So a commenter on Android Market suggested I allow users store my app data on their SD card rather than phone memory. Great idea, I thought, and promptly went Googling to look for some example code. Alas, there wasn't any. So I wrote my own; and here it is for those who find themselves in a similar situation.

The basic Android model is for all Activity classes to have an associated DBHelper class. I don't like this at all; you waste all kinds of time writing and instantiating and opening and closing your DBHelpers, for the sake of (in my app) maybe twenty different database calls. So instead I went and created a singleton DB object. Here's the static code:

public class DB {
private static DB instance;
SQLiteDatabase mDB;
DatabaseHelper mDbHelper;
final Context mCtx;

public static DB GetFor(Context context) {
if (instance==null)
instance = new DB(context);
if (!instance.isOpen());
return instance;

public static void Close() {
if (instance!=null && instance.isOpen())

* Database creation sql statement
static final String MESSAGE_CREATE =
"create table Message (_id integer primary key autoincrement, "
+ "content text not null, dateCreated datetime not null, dateViewed datetime, "
+ "messageTitle text, messageType integer, sender text, recipient text); ";

// [...other table definitions go here...]

static final String DATABASE_NAME = "iTravel";
static final int DATABASE_VERSION = 1;

(I call DB.Close() in the onDestroy() method of the app's Activities. Now, if you had multiple threads writing to the database simultaneously, this approach would probably get pretty messy in a hurry; fortunately, I don't.)

The Android SDK also includes a SQLiteOpenHelper object, which basically takes a Context object and returns a writeable database. I was a little irritated by the need to pass in a Context - it means you have a Context on hand to access the database at all - but presumed it was just necessary for some mysterious reason.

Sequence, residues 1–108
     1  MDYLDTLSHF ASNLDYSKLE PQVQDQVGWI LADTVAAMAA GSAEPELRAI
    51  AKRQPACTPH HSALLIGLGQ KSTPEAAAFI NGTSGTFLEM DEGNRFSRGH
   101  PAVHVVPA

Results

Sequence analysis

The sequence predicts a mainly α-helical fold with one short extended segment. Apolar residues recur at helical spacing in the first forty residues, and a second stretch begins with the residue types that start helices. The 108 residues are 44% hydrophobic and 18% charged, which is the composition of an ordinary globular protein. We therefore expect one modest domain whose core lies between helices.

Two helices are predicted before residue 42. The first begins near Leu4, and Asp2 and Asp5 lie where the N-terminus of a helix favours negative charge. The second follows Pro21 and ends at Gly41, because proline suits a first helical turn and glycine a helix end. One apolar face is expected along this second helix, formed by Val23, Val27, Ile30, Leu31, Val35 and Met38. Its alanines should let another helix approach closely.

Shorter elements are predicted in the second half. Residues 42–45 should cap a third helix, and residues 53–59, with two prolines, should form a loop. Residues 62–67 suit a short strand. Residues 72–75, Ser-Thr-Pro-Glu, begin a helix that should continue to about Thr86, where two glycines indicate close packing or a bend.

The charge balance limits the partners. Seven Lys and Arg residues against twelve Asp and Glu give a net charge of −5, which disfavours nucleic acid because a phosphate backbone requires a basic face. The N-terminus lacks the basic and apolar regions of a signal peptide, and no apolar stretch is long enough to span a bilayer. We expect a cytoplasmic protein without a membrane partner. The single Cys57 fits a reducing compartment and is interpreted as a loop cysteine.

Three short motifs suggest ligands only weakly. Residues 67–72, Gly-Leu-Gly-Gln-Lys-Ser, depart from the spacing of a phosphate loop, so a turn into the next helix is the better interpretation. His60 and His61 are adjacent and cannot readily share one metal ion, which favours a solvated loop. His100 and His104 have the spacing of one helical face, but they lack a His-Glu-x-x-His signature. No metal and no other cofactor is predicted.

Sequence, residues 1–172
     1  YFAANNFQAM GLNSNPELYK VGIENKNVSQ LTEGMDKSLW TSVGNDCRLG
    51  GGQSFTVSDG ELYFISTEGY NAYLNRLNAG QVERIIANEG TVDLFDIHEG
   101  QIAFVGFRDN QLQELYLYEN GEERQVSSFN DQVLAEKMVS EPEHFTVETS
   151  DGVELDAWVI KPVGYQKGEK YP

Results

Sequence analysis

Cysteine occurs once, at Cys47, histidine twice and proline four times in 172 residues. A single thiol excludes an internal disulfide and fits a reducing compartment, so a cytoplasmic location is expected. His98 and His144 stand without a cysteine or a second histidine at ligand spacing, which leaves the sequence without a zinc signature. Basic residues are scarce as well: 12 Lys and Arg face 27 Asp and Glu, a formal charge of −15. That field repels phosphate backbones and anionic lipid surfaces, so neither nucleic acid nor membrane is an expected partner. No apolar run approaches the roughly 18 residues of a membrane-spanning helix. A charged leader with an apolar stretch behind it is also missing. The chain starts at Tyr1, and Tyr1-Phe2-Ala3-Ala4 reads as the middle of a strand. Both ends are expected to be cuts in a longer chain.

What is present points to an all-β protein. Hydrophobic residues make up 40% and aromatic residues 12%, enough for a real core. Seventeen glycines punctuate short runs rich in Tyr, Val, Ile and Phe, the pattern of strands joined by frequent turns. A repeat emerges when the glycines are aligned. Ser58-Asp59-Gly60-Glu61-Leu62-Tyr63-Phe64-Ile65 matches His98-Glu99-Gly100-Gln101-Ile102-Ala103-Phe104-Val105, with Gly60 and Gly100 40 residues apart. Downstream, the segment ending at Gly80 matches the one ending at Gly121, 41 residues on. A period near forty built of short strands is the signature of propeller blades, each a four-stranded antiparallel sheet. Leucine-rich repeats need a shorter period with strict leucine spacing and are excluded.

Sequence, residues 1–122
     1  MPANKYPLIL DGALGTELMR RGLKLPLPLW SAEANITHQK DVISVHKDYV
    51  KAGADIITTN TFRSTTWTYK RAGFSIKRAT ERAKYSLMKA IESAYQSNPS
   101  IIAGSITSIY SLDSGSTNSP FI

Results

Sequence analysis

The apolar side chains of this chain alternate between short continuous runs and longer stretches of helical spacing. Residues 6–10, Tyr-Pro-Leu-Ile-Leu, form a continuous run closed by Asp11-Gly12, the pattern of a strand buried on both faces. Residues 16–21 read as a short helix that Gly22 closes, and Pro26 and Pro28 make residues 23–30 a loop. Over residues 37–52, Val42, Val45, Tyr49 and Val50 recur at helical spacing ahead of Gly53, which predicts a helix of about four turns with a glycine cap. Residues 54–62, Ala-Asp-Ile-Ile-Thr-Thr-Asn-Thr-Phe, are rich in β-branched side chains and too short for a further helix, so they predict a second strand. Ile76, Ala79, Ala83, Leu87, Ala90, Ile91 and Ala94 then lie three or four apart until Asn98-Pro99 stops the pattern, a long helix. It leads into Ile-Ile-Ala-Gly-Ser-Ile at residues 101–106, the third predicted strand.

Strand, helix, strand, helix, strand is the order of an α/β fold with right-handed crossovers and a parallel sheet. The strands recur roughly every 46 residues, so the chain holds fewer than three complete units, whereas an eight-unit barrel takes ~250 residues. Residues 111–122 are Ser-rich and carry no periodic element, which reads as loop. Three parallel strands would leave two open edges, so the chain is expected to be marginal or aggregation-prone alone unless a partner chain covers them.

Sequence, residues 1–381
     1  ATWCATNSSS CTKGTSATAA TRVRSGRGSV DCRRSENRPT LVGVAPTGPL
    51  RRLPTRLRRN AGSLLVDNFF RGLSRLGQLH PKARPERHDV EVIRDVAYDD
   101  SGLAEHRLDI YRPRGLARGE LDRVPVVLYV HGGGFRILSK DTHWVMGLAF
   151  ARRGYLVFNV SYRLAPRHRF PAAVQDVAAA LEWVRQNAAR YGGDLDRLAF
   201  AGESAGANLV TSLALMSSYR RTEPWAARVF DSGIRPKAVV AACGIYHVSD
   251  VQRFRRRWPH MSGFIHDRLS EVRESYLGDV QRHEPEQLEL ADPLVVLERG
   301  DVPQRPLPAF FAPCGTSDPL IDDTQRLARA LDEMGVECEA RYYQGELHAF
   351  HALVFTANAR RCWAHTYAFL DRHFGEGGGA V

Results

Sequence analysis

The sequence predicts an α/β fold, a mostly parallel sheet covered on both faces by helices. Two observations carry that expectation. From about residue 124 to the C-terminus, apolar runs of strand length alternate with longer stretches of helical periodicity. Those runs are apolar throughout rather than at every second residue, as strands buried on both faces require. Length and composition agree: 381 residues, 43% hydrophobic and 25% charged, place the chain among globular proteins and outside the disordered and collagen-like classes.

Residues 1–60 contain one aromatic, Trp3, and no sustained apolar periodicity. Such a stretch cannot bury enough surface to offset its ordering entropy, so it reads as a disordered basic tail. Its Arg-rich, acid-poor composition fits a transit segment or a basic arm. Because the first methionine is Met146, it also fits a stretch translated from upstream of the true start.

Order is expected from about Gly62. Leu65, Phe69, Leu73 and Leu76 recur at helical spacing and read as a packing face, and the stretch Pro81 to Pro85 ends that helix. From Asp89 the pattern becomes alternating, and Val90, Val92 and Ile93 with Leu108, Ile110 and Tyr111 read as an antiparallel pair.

Not so mysterious at all. The bad news is, if you want your database to live on your phone's SD card, you can't use the SQLiteOpenHelper. The good news is, it's easy to write an SD-card-compatible variant, one that doesn't require any Context at all:

static class DatabaseHelper{
private SQLiteDatabase db;
private Context mCtx;

private DatabaseHelper(Context context) {

public void open() {
File dbDir=null, dbFile=null;
if (Settings.DoSDDB() && Environment.getExternalStorageState().equals(Environment.MEDIA_MOUNTED)) {
dbDir = Environment.getExternalStorageDirectory();
dbFile = new File(dbDir, "iTravel.sqlite");
dbFile = mCtx.getDatabasePath("iTravel");

if (dbFile.exists()) {
Log.i("SQLiteHelper", "Opening database at "+dbFile);
db = SQLiteDatabase.openOrCreateDatabase(dbFile, null);
if (DATABASE_VERSION > db.getVersion())
else {
Log.i("SQLiteHelper", "Creating database at "+dbFile);
db = SQLiteDatabase.openOrCreateDatabase(dbFile, null);

public void close() {

public void create() {
Log.w(""+this, "Creating Database "+db.getPath());
// ...other tables go here

public void upgrade() {
Log.w(""+this, "Upgrading database "+db.getPath() +" from version " + db.getVersion() + " to "
+ DATABASE_VERSION + ", which will destroy all old data");
db.execSQL("DROP TABLE IF EXISTS Message");
// ...other tables go here

public SQLiteDatabase getWritableDatabase() {
if (db==null)
return db;

Turns out the only thing we ever needed that Context for was its "getDatabasePath()" method, as that varies by application; but if you're using the SD card, you don't need that at all. (The above implementation supports both SD-card and phone-memory databases. Just in case.)

So what happens in the DB object's instance(s)? Easy enough -

public DB(Context ctx) {
this.mCtx = ctx;

public DB open() throws SQLException {
if (mDbHelper==null)
mDbHelper = new DatabaseHelper(mCtx);
if (mDB==null || !mDB.isOpen())
mDB = mDbHelper.getWritableDatabase();
return this;

public void close() {

public boolean isOpen() {
return mDB!=null && mDB.isOpen();

public boolean deleteAll() {
mDB.delete("Message", null, null);
// ...other tables go here
return true;

public Message[] fetchMessages(String where, String[] args) throws SQLException {
Cursor cursor = mDB.query(true, "Message",
new String[] {"_id", "messageTitle", "content" },
where, args, null, null, "dateCreated desc", null);

Message[] messages = new Message[cursor.getCount()];
int i=0;
while (!cursor.isAfterLast()) {
messages[i++] = new Message(cursor.getString(1), cursor.getString(2));
return messages;

public void saveMessage(Message message) {
ContentValues values = new ContentValues();
values.put("messageTitle", message.getTitle());
values.put("content", message.getData());
values.put("messageType", message.getMessageType());
values.put("dateCreated", System.currentTimeMillis());
mDB.insert("Message", null, values);

et voila: all your database access in one place, accessed by a simple DB.GetFor(Context context) call from anywhere in your app (and you don't even need the Context if you know the DB will live on the SD card!) and nicely abstracting out the crazy ten-positional-arguments-in-a-row "query" method on SQLiteDatabase.